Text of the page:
Immanuel – part 2
Matthew 1:18-25 (CSB)
18 The birth of Jesus Christ came about this way: After his mother Mary had been engaged to Joseph, it was discovered before they came together that she was pregnant from the Holy Spirit.
19 So her husband Joseph, being a righteous man, and not wanting to disgrace her publicly, decided to divorce her secretly.
20 But after he had considered these things, an angel of the Lord appeared to him in a dream, saying, “Joseph, son of David, don’t be afraid to take Mary as your wife, because what has been conceived in her is from the Holy Spirit.
21 She will give birth to a son, and you are to name him Jesus, because he will save his people from their sins.”
22 Now all this took place to fulfill what was spoken by the Lord through the prophet:
23 See, the virgin will become pregnant and give birth to a son, and they will name him Immanuel, which is translated “God is with us.”
24 When Joseph woke up, he did as the Lord’s angel had commanded him. He married her
25 but did not have sexual relations with her until she gave birth to a son. And he named him Jesus.
I want to begin with a recap of what we saw in Isaiah 7, the story of Ahaz.
That story contains the prophecy that God gave king Ahaz – the prophecy of an unmarried woman who would give birth to a child whom she would nickname Immanuel.
God had given Ahaz a choice. Ahaz could have obeyed God by refusing to seek help from Assyria, and trusted God to rescue the nation of Judah himself. Ahaz chose to ignore God’s offer of help, and disobey him. God still gave the sign. That sign was the nickname that this young woman gave to her child. The sign – the name Immanuel – became a symbol of God’s plan to rescue his people another way, at a different time.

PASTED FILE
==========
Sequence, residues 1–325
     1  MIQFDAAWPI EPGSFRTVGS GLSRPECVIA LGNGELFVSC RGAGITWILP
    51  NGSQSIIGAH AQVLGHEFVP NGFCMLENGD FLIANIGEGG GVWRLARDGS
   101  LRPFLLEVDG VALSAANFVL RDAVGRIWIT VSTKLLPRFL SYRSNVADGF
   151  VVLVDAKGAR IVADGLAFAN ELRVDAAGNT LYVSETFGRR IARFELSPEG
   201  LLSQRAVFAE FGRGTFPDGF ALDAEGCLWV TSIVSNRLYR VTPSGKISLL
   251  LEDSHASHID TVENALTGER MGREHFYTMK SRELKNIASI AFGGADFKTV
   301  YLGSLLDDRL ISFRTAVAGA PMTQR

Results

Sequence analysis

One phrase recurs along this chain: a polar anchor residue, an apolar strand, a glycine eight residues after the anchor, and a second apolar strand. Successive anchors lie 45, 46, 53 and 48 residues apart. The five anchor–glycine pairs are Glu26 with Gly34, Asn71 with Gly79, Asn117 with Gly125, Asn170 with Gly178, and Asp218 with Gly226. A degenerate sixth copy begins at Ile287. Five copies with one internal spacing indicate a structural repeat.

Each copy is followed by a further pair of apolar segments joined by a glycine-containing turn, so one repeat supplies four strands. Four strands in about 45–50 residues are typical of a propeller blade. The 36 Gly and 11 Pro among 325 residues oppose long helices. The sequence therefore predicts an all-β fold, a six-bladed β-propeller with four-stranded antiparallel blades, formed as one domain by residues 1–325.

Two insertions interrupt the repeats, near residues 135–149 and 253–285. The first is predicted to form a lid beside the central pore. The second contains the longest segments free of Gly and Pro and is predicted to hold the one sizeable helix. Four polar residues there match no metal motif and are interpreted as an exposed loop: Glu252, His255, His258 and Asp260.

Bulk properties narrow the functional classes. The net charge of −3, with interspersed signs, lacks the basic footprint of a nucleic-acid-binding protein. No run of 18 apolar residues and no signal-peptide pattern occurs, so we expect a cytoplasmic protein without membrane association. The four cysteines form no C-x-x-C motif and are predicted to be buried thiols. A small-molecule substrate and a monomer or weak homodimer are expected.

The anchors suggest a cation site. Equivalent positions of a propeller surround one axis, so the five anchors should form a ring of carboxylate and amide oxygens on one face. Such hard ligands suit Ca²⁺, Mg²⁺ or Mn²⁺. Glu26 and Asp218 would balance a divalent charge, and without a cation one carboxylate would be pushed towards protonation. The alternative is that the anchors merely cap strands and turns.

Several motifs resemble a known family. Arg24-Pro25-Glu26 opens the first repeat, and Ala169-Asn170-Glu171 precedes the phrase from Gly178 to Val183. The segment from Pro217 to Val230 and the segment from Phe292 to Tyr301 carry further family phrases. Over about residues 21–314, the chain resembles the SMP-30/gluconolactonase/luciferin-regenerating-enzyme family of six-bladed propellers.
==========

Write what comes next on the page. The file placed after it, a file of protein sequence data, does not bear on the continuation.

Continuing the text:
Now let me restate this. God gave Ahaz a choice to make, and he made his choice, but it was the wrong choice. Then, God intervened again and offered to prove that Ahaz could trust him by granting him a supernatural sign. Ahaz refused to ask for a sign, but God gave the sign anyway, not specifically to Ahaz, but to his dynasty – the house of David. So, we have three elements to the story of Isaiah 7: a human choice, divine intervention, and a supernatural sign.
It just so happens that those same three elements are part of today’s story, which takes place seven centuries later.